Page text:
The student news site of St. Louis Park High School

The Echo

The student news site of St. Louis Park High School

The Echo

The student news site of St. Louis Park High School

The Echo

Learn, memorize, forget

Biology challenges students with changing grading policies
Junior+Raade+Gears+works+on+an+IB+Biology+formative+assignment+March+1.+These+assignments+arent+counted+for+points%2C+theyre+optional+for+students.
Ruby Viot
Junior Raade Gears works on an IB Biology formative assignment March 1. These assignments aren’t counted for points, they’re optional for students.

Junior year is infamous as being the most challenging for students. Students may also tackle Advanced Placement (AP) and International Baccalaureate (IB) classes along with additional challenges like the ACT and plans for the future. With biology being a required course at Park, students are being forced to adjust to biology grading policies being altered midway through the year. Contradicting the student handbook policies, teachers have discarded formative policies in favor of having all formative and assignment points coming from quiz scores. Tests and quizzes, already controversial pieces of academics, have now become 100% of a student’s grade in biology.

According to principal LaNisha Paddock, these changes have been made to create a more engaging and better learning environment, which is achieved with teachers collaborating to create the most effective teaching methods and through quizzes.

“At the end of the week, (teachers) really want to assess where (students are) at with formatives and to inform teacher practice as well,” Paddock said. “The biology team has been working in their care team together to really think about deeper engagement and deeper learning.”

According to junior Sela Myers, success in class is heavily correlated with test performance, and for many students who aren’t good at test taking, this presents an extra obstacle. She said formative points as assignments were opportunities to get points that were lost on summatives.

“It’s difficult to take tests because — especially for students who are not very good at test taking — it makes it really hard for them to do well in the class,” Myers said. “The formative assignments are where you learn, and you are able to get points back. Definitely, it’s a switch up, especially for students who find test taking really difficult.”

According to biology teacher Jessica Gust, previously, formative work didn’t reflect true learning, and there are benefits to these quizzes that are being overlooked by many students.

“Formative work isn’t always super reflective of how much learning is happening,” Gust said.

According to Myers, there might be benefits that could come from quizzes, but at the moment, grades are being lowered compared to normal.

“In some ways, (the change) might make it better because I might learn the content throughout the unit and do better on the final tests,” Myers said. “Currently, it’s really hurting my grade because studying every week for a quiz takes a lot of time and is hard.”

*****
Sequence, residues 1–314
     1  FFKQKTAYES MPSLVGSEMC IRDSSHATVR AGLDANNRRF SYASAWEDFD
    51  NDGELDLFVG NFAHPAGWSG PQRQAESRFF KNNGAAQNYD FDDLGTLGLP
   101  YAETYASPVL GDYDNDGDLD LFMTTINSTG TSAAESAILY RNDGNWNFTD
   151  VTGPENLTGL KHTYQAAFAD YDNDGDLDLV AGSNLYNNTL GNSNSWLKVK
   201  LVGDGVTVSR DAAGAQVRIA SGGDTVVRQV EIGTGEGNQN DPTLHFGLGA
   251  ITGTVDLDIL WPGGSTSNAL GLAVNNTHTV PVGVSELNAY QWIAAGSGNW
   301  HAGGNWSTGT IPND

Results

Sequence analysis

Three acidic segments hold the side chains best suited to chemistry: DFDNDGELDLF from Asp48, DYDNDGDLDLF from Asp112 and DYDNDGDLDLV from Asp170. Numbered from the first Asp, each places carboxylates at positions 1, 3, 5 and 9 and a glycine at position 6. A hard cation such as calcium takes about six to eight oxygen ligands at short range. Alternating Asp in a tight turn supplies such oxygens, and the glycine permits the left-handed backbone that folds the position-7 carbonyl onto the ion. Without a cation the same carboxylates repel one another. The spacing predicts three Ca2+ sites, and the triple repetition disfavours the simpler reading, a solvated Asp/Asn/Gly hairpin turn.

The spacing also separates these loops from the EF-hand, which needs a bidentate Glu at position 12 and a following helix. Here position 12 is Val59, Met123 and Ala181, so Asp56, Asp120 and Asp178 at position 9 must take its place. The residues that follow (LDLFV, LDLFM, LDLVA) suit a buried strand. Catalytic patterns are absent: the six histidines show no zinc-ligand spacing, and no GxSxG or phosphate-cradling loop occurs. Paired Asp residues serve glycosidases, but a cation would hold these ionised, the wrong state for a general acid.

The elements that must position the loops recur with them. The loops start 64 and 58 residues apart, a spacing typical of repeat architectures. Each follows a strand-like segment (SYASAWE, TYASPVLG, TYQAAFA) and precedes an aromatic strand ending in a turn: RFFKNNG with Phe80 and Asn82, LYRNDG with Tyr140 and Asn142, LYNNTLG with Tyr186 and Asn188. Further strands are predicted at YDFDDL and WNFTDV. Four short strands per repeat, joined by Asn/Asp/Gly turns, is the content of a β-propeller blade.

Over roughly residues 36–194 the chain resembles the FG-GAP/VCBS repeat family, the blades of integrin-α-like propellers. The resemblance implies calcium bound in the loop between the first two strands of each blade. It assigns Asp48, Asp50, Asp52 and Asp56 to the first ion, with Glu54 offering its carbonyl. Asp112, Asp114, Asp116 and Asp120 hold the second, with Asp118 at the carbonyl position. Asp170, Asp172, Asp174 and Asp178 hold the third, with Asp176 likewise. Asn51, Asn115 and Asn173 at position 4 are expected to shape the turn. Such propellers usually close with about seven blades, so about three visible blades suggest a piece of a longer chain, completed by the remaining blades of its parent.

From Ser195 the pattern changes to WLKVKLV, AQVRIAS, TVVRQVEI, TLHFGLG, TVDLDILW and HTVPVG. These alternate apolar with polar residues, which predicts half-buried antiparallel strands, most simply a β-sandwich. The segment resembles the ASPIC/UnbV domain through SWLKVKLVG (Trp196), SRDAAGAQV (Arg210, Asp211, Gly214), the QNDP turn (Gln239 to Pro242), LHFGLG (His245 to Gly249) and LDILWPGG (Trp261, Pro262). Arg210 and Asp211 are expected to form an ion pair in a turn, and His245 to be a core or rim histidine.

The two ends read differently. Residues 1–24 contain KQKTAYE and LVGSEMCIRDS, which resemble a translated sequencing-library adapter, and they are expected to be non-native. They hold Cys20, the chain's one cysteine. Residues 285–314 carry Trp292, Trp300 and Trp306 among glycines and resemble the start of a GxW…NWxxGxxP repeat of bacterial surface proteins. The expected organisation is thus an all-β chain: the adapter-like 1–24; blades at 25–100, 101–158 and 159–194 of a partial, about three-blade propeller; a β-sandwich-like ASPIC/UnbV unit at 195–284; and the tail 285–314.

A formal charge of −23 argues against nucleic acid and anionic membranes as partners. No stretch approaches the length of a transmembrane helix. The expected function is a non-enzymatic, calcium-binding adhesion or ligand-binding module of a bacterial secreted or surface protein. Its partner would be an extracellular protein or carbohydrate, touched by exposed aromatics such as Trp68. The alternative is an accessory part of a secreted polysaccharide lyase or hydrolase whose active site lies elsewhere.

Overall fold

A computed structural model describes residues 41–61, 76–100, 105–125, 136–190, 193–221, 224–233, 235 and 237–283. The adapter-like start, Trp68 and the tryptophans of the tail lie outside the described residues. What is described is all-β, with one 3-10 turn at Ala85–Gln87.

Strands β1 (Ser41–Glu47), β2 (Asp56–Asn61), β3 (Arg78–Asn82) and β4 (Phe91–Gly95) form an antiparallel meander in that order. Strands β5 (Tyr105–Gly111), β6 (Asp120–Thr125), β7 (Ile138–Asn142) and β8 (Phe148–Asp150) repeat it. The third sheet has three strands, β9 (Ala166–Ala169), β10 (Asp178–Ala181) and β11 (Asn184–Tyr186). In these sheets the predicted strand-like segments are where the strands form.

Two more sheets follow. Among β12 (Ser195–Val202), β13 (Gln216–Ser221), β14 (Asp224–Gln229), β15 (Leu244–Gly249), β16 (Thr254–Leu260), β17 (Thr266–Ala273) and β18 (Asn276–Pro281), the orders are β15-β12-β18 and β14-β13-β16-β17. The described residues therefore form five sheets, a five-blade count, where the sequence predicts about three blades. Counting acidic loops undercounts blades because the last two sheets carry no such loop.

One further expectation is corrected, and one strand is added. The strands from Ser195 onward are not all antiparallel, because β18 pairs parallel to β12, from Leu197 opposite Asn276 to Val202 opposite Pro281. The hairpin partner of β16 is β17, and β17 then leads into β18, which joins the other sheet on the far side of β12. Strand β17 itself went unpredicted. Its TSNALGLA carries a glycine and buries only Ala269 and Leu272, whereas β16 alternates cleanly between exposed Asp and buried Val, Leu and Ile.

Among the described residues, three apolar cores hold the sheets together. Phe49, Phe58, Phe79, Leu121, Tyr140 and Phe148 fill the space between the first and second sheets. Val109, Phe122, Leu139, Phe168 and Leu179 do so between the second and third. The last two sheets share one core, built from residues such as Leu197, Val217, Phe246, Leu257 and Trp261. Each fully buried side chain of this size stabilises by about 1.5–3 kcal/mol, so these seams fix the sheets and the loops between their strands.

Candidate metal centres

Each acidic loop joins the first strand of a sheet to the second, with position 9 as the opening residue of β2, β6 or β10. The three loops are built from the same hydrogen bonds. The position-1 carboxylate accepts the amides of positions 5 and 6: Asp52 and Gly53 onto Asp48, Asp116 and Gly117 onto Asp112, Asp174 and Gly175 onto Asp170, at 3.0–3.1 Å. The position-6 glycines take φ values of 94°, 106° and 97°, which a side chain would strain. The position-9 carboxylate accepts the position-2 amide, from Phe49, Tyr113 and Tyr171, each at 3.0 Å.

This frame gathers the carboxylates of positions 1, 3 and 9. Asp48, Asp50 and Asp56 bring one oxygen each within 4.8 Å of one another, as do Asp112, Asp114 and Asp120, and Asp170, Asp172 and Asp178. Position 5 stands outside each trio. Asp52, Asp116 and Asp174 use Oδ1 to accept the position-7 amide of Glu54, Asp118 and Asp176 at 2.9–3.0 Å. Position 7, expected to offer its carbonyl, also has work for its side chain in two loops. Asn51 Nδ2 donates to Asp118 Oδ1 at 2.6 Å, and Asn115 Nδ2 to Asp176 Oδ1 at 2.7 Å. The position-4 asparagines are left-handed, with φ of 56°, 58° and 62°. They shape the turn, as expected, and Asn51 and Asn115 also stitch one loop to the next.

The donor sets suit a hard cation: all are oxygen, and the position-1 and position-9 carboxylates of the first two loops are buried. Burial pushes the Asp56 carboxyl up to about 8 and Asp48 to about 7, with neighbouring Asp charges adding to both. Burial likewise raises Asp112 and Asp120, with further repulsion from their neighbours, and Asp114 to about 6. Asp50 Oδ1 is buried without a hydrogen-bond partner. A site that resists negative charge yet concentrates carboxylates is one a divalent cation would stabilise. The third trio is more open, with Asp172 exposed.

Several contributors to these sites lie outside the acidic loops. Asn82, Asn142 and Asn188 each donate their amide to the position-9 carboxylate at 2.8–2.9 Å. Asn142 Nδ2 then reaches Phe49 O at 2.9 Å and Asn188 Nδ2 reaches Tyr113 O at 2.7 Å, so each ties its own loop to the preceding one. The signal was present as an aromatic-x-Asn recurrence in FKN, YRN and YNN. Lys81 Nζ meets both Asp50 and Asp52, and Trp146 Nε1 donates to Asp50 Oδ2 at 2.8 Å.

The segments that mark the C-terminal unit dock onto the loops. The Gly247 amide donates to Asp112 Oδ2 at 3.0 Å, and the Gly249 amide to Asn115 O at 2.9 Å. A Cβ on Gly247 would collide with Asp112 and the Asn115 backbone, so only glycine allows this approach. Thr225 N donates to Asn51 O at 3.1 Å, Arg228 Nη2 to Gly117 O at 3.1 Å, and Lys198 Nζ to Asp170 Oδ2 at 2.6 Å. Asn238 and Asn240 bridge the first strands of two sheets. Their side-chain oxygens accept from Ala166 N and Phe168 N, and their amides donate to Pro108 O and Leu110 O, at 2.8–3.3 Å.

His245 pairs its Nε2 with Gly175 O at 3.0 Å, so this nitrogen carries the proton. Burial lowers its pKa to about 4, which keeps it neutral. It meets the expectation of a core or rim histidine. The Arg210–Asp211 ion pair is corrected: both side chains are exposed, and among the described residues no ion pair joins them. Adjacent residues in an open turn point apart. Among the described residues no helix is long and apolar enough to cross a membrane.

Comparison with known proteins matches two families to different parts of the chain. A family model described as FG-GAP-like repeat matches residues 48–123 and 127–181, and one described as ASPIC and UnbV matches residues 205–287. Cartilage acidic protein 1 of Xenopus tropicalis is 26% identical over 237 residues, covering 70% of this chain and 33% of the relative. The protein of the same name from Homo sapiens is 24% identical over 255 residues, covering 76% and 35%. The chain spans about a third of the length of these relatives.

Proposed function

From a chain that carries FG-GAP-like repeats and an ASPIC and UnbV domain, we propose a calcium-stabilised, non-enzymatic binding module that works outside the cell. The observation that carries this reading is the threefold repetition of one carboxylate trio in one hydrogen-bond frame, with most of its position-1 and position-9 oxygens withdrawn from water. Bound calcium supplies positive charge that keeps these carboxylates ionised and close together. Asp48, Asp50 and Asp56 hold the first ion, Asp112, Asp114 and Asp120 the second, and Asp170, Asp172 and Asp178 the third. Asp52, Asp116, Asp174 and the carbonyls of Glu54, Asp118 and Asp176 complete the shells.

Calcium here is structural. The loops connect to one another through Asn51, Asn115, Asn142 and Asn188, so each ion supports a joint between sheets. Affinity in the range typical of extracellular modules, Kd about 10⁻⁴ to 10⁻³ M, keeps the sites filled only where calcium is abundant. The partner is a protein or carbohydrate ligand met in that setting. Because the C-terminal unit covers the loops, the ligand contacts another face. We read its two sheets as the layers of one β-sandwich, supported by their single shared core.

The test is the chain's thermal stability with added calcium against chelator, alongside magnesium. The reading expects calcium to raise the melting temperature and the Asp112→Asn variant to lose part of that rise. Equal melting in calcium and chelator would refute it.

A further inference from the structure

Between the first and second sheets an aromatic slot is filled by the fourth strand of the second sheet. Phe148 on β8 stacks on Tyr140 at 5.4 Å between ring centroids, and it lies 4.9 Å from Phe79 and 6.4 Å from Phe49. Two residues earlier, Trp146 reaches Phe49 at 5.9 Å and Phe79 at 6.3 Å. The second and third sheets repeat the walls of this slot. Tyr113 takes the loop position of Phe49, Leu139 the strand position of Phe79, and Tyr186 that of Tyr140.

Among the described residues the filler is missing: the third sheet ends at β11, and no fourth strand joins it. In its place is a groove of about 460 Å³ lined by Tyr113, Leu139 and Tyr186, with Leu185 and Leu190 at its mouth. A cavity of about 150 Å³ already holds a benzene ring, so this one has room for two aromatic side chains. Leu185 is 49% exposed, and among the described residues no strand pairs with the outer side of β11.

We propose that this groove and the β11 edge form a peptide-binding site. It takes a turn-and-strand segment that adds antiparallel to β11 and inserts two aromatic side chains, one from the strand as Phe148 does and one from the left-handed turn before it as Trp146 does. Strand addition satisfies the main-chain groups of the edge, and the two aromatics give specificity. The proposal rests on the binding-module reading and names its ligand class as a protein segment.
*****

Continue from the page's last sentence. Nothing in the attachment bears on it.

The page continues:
According to Gust, with these new quizzes, students can receive feedback and can see how they comprehend certain subjects. She said this feedback is more effective than it previously was because teachers and students can address it, which is a key piece in improving as a student.

“By having more frequent checks for understanding, students are getting more direct feedback about what they understand and what they don’t understand,” Gust said.

According to Paddock, the purpose of formatives is to provide an insight to student growth and improvement, so these quizzes are a way to practice, grow skills and create improvement.

“If we’re truly in a standards based system and talking about growth and progress, the 20% formative is practice,” Paddock said. “We want students to be able to practice and to feel safe practicing, (growing) their skills.”

Leave a Comment
More to Discover
About the Contributors
Lucas Tangelson, Echo Staffer
Hi my name is Lucas, I'm a junior at Park and this is my first year on Echo! I love to play soccer 24/7 and each sweet treats whenever I can. When I'm not busy doing those things you can find me listening to music or hanging out with friends.
Ruby Viot, Photo Editor
Hey everybody, I'm Ruby!!! I'm a junior and this is my first year on Echo. In my free time you can catch me hanging out with Abby Bartleson (she's the best) or drinking matcha. I love listening to music (Brent Faiyaz and SZA are my favorites right now) and hanging out with my friends whenever I can.

Comments (0)

The Echo intends for this area to be used to foster healthy, thought-provoking discussion. Comments are expected to adhere to our standards and to be respectful and constructive. Furthermore, we do not permit any of the following inappropriate content including: Libel or defamatory statements, any copyrighted, trademarked or intellectual property of others, the use of profanity and foul language or personal attacks. All comments are reviewed and approved by staff to ensure that they meet these standards. The Echo does not allow anonymous comments, and requires a name and valid email address submitted that are variable. This email address will not be displayed but will be used to confirm your comments. Online comments that are found in violation of these policies will be removed as quickly as possible. Please direct any further questions to [email protected].
All The Echo Picks Reader Picks Sort: Newest

Your email address will not be published. Required fields are marked *